Non-destructive editing Not supported Layer styles allow the most common filters to be applied and composited non-destructively. Non-destructive effects layers for most image adjustments (e.g. curves, levels, hue/saturation)
Image Format Support 8-bits per channel RGBA 8-bits per channel RGBA 16-bits per channel support (but it’s a work-in-progress), Greyscale, Monochrome, Lab color, CMYK
Digital Photography Support Direct RAW import Direct RAW import Direct RAW import to 24-bit or 48-bit (16 bits per channel)
Architecture Some clever optimizations (e.g. filter previews appear to be at screen resolution) but chokes on large files. Chokes on large images and slower filters. Clever and flexible preview system allows you to keep the program responsive when working with huge files, heterogeneous layer support
Workflow and Automation Some Automator actions (but no AppleScript dictionary) Python, AppleScript, and JavaScript scripting and plugin support Recordable macros and batch conversion, Save named presets for almost anything, enter expressions for numerical inputs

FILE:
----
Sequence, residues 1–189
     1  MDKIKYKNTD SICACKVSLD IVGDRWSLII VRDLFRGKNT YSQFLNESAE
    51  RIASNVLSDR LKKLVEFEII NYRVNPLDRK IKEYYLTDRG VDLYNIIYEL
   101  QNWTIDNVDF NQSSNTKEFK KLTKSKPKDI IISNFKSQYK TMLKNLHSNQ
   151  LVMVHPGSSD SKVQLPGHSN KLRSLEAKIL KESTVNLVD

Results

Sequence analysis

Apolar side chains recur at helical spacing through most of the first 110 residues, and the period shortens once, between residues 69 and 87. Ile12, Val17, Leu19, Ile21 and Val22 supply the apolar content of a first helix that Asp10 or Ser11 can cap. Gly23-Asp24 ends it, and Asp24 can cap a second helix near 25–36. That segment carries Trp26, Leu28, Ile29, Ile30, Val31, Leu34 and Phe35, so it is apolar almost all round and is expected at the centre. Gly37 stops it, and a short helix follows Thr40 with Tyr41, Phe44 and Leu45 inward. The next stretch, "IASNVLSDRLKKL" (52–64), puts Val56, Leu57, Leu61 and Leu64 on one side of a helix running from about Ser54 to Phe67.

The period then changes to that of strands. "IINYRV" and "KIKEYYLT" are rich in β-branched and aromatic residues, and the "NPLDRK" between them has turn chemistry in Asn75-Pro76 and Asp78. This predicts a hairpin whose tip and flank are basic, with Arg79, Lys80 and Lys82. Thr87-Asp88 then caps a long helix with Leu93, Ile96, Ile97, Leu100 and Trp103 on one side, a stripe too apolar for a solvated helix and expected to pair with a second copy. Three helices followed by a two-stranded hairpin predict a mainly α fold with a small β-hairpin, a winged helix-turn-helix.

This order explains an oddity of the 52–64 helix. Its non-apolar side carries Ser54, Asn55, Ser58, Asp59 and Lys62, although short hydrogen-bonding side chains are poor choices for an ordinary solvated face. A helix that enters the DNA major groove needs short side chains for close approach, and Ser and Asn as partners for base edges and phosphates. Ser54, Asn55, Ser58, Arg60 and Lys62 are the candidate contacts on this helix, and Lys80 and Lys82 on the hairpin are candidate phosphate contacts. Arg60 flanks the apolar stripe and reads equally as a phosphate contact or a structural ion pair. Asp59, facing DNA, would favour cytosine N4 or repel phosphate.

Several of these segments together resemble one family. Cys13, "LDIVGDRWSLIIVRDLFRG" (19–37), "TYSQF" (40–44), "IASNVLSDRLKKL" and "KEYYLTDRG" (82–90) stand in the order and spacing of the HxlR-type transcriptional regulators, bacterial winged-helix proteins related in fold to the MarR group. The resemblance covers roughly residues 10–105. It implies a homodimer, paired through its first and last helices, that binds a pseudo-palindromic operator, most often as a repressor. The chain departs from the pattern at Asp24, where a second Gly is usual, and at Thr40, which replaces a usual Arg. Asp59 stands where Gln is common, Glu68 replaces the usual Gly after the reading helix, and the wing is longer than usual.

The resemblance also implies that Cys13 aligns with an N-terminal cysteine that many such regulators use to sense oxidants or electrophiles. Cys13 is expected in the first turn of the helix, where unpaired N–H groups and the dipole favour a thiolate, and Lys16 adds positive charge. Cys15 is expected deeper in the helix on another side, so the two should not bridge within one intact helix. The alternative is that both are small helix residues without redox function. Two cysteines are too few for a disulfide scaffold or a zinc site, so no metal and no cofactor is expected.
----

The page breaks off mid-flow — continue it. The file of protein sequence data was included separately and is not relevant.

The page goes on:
Web Export Support Slicing support. Direct export to Flickr, Picasa, and Facebook. Photoshop-style (but far simpler) web export dialog with file-size preview etc. Some random subset of Fireworks is implemented (slicing, button states, etc.). Not really sure how good or extensive it is (much more extensive than Pixelmator or Acorn) since I have no use for such stuff.
Plugin Support You can probably build your own using the Quartz Compositor tools from Apple. You can build your own using the Quartz Compositor tools from Apple, and there’s extensive support for creating extensions using Python, Objective-C, AppleScript, and JavaScript Supports Photoshop plugins.